NEW BOSTON, Texas: The mother of a 4-year-old who died in March of blunt force head trauma was in court Friday morning for a bond reduction hearing at the Bowie County courthouse in New Boston.
At the end of the hearing, 5th District Judge Bill Miller agreed to lower Khadijah Wright’s bond from $100,000 to $20,000 on a charge of injury to a child by omission in the March 8 death of her son, D’Money Lewis. D’Money’s father, Benearl Lewis, 24, is charged with capital murder in the boy’s death.
Dallas attorney Jasmine Crockett told Miller that Wright, 26, and her family do not have the funds to make a bond on the $100,000 bail. Wright’s mother, Marisha Hamilton, testified that she receives disability payments and believes she can afford to pay $2,000.
Hamilton said Wright has been in jail 128 days and has no criminal history, describing her daughter as, “a good kid.”
Assistant District Attorney Lauren Richards called the case’s lead investigator, Wake Village Police Department Detective Todd Aultman to testify. Aultman said Wright and Benearl Lewis have been investigated by child welfare agencies repeatedly in Texas and Arkansas and at least once in Mississippi.
D’Money’s oldest sibling is 6 years of age, his youngest is about 2, according to court documents. Aultman said the couple and their children have been the subject of between 10 and 15 investigations by child welfare agencies.
At the time of D’Money’s death, a Child Protective Services care plan was in place which prohibited Benearl Lewis from being alone with the children or from spending the night at their home on Redwater Road in Wake Village. Wright and Lewis allegedly told police Wright was home were D’Money fell or jumped from a deep freezer and hit his head but investigators later determined Wright was away from home at work when D’Money suffered catastrophic head injuries.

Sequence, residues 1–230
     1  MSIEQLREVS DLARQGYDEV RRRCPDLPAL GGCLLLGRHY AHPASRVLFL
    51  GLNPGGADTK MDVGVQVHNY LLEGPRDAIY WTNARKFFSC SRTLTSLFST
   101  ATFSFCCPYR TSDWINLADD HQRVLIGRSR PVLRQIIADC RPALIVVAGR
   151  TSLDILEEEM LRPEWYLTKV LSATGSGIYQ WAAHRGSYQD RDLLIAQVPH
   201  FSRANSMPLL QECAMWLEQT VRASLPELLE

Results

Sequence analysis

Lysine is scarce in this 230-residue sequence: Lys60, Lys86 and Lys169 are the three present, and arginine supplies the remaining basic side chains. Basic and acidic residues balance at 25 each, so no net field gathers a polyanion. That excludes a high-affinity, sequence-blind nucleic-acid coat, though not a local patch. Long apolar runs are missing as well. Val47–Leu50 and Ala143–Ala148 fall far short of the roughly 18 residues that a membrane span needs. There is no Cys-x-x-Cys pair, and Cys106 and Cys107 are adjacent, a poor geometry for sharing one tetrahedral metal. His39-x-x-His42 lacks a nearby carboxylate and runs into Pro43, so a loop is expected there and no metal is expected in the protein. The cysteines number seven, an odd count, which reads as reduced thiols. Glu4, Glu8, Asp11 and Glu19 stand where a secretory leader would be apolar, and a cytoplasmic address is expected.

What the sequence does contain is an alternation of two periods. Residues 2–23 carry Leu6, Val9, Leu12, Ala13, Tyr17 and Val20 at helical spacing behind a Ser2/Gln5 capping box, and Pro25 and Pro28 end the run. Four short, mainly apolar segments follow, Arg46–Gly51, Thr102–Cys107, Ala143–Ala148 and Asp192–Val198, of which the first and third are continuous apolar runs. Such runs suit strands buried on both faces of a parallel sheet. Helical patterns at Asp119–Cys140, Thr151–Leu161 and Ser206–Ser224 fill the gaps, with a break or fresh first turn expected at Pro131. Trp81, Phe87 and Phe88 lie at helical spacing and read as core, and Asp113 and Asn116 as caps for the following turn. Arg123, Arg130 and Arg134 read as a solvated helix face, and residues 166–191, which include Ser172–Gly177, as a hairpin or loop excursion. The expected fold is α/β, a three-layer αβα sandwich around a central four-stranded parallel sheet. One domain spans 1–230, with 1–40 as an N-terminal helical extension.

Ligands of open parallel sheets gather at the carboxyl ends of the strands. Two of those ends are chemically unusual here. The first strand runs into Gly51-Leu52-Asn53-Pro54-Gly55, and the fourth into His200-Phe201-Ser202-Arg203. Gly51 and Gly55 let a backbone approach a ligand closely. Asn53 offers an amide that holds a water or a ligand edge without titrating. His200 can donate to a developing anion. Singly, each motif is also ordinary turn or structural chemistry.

Aultman said his office became involved after being notified of D’Money’s dire physical condition by Texarkana, Texas, police. Texarkana, Texas, police were processing a traffic accident March 6 at Bishop Lane and Seventh Street when they were approached by one of the parents about their child. When officers checked on D’Money, they found him unresponsive, not breathing and cold to the touch, Aultman said.
D’Money was rushed to a local hospital and later transported to Children’s Hospital in Little Rock where he died March 8. According to a probable cause affidavit, Aultman documented strap marks and bruises on the child’s body before he was taken to Little Rock. An autopsy report referenced in the affidavit showed D’Money died of massive head trauma.
Crockett argued that Wright’s bond is too high. Crockett argued that Wright’s bond should be lower than Lewis’ as he is charged with a more serious offense and has prior felony and misdemeanor convictions.
Richards argued that Wright is a potential flight risk, has been uncooperative with investigators and has shown an unwillingness to heed court orders. Richards argued that if Wright had followed the CPS care plan forbidding Lewis to be alone with the children, D’Money might not have died.
Miller reduced Wright’s bond to $20,000. Commercial bondsmen typically require payment equal to 10 percent, in this case $2,000, to write a bond. Miller also ordered that Wright be outfitted with a GPS leg monitor, that she work or be actively seeking employment and that she refrain from the use of drugs and alcohol.
Wright and Lewis are both scheduled to appear Aug. 27 for pretrial hearings before Miller. Both are scheduled for separate trials later this year. If found guilty of injury to a child by omission, Wright faces five to 99 years or life in prison. Lewis faces death by lethal injection or life without the possibility of parole if convicted of capital murder.